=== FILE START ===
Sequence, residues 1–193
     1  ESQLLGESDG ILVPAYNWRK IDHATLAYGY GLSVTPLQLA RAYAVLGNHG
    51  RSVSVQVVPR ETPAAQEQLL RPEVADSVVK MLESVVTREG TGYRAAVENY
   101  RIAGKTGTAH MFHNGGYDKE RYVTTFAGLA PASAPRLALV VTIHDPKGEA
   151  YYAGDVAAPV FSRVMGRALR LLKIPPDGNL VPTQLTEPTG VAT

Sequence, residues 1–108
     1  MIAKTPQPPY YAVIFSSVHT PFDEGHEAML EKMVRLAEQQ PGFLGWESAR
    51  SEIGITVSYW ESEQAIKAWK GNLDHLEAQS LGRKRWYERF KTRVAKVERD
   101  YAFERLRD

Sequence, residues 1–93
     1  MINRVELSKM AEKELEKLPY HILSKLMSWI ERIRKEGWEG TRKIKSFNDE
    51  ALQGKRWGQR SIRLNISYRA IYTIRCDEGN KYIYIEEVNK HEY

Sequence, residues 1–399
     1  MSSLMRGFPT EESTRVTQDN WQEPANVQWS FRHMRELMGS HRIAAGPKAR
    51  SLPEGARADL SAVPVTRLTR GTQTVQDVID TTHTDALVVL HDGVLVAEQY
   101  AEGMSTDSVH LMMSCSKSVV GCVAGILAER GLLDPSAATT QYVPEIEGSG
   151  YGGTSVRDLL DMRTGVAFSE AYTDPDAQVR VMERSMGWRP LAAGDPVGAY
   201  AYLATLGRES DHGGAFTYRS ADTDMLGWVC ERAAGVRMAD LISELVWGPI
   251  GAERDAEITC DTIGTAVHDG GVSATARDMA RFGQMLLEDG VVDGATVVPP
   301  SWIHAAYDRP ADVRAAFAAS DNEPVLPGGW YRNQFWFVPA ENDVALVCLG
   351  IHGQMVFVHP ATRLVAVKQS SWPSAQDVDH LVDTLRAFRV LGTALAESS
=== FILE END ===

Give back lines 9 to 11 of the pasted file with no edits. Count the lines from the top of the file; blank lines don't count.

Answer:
   101  YAFERLRD

Sequence, residues 1–93
     1  MINRVELSKM AEKELEKLPY HILSKLMSWI ERIRKEGWEG TRKIKSFNDE